The things that will destroy America are prosperity at any price, peace at any price, safety first instead of duty first, the love of soft living and the get rich quick theory of life. – Theodore Roosevelt

 

Joined: 19NOV2004   Location: Mission, Kansas

Astronomy posted:

A fight is a fight, whether it came to you unexpectedly or you deliberately entered the situation with eyes wide open. So I feel that discussing "offensive" vs. "defensive" handguns is just threading a camel through the eye of the needle.  An exercise in semantics. Labeling a handgun one or the other has historical context but little relevance vis-a-vis ammunition capacity, weapon size, caliber, portability, etc.

1. The only formally labeled "Offensive Handgun" I'm aware of was the HK MK23 adopted by SOCOM back in the day. Because they needed to justify a procurement program by differentiating that weapon (and its need) from the handguns they already carried.  A special purpose weapon. "Offensive Handgun" briefed well to bean counters & deciders. Something that accomplishes a job that already issued weapons do not.

2. "Defensive Handgun" is one of those semantic safe phrases [like "DGU" (Defensive Gun Use)]  that entered the civilian CCW /Self Defense lexicon about two decades ago. Because words matter when it's time to go to criminal or civil court... or speak in conjectural terms on the internet or in publications.  Frankly, it's a form of PC-speak having nothing to do with the capabilities or limitations of the physical hardware. Nothing wrong with the term, but it really isn't about any particular handgun selection choice.

In this Golden Age of Handguns, common sense says that a CCWer should walk around with a reliable, service caliber, double stack,  concealable, semi-auto pistol.  And at least a reload and a light. But folks are going to carry little hideout BUGs, single stacks, revolvers, and chopped capacity baby duty guns for a lot of other reasons.  Familiarity and comfort with one particular design. Convenience of carry. Caliber. Or just plain ability to shoot a particular weapon better than a theoretically better choice.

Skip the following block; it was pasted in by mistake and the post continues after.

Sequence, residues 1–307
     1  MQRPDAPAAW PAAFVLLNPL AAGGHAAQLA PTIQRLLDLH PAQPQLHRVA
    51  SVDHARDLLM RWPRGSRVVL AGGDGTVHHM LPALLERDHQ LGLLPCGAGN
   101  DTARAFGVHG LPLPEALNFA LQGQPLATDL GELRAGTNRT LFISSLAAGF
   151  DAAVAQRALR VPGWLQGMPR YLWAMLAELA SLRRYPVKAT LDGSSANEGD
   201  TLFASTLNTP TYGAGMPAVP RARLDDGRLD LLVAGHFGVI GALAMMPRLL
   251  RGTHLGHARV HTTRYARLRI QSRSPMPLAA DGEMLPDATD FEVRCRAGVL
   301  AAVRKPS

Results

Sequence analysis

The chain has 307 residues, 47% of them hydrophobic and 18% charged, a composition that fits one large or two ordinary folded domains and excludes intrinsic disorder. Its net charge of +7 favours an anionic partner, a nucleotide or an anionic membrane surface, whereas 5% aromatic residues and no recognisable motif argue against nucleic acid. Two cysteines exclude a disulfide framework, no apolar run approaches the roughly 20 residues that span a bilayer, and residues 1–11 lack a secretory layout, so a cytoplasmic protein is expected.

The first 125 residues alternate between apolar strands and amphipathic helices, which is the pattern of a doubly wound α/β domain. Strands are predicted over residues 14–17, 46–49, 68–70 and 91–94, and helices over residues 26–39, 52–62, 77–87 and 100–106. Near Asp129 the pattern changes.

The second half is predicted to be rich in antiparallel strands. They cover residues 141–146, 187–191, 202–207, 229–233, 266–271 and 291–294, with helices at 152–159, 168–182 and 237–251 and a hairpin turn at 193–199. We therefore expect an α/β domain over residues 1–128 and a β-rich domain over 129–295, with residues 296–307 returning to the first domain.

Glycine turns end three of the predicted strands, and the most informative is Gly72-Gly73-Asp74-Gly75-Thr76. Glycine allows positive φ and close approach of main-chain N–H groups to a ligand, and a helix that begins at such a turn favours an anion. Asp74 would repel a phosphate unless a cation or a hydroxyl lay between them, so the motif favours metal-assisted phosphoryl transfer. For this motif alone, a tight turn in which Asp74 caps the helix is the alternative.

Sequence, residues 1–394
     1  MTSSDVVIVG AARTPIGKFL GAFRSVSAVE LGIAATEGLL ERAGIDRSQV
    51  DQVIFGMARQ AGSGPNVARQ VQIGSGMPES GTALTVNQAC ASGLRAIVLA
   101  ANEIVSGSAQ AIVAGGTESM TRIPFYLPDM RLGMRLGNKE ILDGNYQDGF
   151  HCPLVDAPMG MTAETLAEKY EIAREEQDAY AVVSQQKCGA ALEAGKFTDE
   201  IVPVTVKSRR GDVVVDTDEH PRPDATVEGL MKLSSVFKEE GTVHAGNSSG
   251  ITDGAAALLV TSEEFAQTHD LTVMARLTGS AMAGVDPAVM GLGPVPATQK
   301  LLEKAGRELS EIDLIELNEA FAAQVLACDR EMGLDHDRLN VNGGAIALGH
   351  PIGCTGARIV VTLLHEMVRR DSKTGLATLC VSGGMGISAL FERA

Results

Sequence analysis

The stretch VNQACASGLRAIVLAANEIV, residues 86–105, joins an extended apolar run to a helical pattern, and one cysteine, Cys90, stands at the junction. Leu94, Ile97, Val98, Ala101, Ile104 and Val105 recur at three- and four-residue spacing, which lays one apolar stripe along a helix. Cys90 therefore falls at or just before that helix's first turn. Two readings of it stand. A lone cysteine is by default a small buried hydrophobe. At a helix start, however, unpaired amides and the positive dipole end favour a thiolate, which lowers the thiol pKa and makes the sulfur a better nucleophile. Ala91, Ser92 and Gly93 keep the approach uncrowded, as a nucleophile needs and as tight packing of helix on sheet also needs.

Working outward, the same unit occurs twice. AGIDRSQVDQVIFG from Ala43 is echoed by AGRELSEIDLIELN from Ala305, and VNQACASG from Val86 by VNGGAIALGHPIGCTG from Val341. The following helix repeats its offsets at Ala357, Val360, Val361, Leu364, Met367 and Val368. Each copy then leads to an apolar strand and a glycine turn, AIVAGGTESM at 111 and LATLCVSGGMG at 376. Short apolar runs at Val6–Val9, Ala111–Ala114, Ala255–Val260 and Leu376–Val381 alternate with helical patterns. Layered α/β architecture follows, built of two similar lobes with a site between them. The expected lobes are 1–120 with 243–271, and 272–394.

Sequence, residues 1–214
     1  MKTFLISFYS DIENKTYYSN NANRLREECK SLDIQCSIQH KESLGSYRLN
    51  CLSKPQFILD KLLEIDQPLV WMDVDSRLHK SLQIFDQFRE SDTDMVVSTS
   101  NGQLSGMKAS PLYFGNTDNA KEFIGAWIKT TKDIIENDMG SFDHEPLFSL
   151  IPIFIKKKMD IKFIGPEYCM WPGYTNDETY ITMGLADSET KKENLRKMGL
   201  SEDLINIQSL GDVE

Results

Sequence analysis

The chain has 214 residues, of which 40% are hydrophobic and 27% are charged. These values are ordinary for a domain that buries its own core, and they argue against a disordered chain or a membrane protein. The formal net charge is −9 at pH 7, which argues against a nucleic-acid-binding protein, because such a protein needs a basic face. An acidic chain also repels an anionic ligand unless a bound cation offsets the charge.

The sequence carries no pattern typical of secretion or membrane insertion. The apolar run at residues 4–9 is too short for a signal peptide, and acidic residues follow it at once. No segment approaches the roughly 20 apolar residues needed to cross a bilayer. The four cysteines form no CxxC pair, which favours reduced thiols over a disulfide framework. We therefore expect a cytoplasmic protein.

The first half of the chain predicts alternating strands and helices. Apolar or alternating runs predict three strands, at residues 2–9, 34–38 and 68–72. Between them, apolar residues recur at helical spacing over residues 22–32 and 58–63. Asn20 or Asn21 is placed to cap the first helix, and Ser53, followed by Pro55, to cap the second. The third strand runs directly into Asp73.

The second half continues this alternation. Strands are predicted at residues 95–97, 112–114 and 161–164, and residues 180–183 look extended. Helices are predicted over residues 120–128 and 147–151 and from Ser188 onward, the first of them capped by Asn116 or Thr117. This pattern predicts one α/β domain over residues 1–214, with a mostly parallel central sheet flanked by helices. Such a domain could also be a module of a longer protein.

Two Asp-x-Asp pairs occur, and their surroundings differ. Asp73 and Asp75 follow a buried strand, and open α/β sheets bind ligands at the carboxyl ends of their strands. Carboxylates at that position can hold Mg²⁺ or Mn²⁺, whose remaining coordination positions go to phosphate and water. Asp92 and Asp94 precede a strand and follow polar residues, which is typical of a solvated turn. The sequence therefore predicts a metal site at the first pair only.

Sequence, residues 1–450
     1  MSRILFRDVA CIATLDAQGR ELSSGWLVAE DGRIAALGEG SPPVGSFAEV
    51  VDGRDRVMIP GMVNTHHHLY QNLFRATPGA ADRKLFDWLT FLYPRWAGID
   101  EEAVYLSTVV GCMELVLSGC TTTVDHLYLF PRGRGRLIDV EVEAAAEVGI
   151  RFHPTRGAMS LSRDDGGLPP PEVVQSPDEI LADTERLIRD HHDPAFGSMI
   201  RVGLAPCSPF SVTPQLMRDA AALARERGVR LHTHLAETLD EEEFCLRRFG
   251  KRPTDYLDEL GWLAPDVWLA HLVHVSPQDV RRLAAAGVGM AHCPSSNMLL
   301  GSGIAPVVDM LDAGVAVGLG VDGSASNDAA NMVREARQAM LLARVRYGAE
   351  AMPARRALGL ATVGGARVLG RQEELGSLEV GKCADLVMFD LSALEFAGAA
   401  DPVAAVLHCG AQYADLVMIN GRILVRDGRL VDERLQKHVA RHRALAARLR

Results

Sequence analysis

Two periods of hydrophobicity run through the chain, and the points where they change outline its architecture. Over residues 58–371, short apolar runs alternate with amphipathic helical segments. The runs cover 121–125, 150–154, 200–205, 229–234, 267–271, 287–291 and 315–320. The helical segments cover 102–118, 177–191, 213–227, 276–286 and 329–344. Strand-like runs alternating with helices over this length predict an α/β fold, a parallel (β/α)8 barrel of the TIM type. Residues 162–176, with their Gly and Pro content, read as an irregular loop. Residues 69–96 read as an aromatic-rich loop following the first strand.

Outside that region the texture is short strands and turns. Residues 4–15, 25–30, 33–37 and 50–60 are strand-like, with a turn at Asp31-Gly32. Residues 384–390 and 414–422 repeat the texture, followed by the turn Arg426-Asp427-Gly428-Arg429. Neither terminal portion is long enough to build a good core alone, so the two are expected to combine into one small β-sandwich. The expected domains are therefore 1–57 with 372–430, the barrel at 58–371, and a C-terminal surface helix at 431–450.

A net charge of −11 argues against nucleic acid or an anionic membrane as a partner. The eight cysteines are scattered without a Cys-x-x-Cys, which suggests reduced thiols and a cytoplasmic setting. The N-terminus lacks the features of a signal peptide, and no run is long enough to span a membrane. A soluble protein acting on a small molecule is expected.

Sub-optimal capacity choices are an assumed risk. And yet, a bazillion folks daily choose to carry little 5-shot revolvers, tiny .380s, or even service caliber single stacks. BTDT. As have most of you. And they're generally enough... until they aren't. Or events overcome your ability to reload fast enough.

It's the Goldilocks Theory of Gear Selection: A choice can be Not Enough, Too Much, or Just Right.  

Speaking of Goldilocks and the Three Bears...

A month or so back, I escorted my new puppy out into the backyard darkness to conduct a late-night fire mission. Local coyotes are a routine threat to small pets, so I played armed over-watch while my little boy voted Democrat.  As we stood there, a loud snapping of dead fall (and my Fenix handheld) revealed a largish Black Bear about 20 yards away. A locally recognized 400ish pound boar. Me standing there with my hand gripping a little 5-shot .38 Special in my pocket.  He casually ambled off when I shined him and no harm done, but as we moved inside, DocGKR's up-thread thoughts echoed in my mind. That's the second time in my life I've encountered a black bear at close range with only a .38 Special 5-shot snub. Not really enough gun for the potential problem.

I got complacent about my own backyard. Next night saw me out back with better choices to hand.

Horses for Courses.

 

 

 

Great post.  Everyone else seems to have the right idea also.  Unfortunately when being judged by our peers, we may not find the wisdom that is being said here.  As I don't have the luxury of living in the land of 'should' and 'supposed to', I would rather a jury see a small wheel gun than a semi with a RDS, WML, and extended magazine.  This is unfortunate, because  given the recent state of affairs that second option is exactly what I would like to reach for when confronting an individual acting on the hate in their heart.

USSOCOM HK MK23: "Offensive Handgun Weapons System—Special Operations Peculiar". That's what the project was called. Nobody called it that after it was fielded. On the Army side of the house, they mostly sat in our arms rooms and gathered dust. You damn near needed a little red wagon to drag 'em around with.

When I went through 5th SFG(A) SOT in 1978, our primary CQB weapons were 1911A1s (don't laugh... it was the preferred technique of the times). Arguably an Offensive pistol. But when I returned to my unit, the very same handgun sat in a leather flap holster (Secondary) while I carried an XM-177 (Primary). 

Any firearm can be used for both defense & offense, regardless of label. The question is whether it can accomplish the expected job.  

If I'm an armed robber and pop the local stop & rob with my Hi-Point, it's an offensive handgun. If I use the very same gun to defend myself from a rival drive-by shooter, it's a defensive handgun.

I think the OP's concern is less about dedicated intent and more about capability (firepower, terminal ballistics, & combat effective range). In other words, do I have more than enough gun, just enough, or not enough? It's the Goldilocks Theory of Sidearm Selection. Threat drives Selection. You buys your ticket, you takes your chances.

I guess I just don't see the point to semantic pigeonholing.  Defensive? Offensive? Meh... all I want is Effective. 

 

 

 

 

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The moral high ground is sometimes just a head on a long pike... - Astronomy

 

A new Plt Ldr is like a first time new mother. The Plt Sgt is a lifelong midwife and nanny. It's your baby, but he knows a lot about changing diapers and other ugly things. - Astronomy